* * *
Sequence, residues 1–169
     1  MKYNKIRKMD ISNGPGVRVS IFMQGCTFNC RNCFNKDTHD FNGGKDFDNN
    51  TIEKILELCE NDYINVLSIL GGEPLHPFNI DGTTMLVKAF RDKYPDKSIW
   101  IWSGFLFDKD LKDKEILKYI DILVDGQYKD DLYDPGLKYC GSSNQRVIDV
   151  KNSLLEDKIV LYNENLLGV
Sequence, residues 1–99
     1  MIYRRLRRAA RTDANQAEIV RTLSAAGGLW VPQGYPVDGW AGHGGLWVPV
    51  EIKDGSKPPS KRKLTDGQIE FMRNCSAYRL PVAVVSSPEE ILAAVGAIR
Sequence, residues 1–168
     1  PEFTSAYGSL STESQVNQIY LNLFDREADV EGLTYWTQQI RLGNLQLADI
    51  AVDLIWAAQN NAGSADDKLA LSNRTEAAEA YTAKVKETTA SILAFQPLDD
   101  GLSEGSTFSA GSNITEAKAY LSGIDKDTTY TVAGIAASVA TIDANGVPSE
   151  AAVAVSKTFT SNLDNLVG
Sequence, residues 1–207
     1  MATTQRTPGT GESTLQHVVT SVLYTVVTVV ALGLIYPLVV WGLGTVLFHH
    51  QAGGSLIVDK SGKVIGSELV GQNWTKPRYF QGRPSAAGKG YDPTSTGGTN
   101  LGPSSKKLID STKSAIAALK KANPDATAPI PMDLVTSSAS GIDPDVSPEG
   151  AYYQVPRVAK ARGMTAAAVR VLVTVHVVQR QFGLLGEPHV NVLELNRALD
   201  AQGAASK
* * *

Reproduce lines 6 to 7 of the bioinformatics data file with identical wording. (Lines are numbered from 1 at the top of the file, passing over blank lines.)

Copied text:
Sequence, residues 1–99
     1  MIYRRLRRAA RTDANQAEIV RTLSAAGGLW VPQGYPVDGW AGHGGLWVPV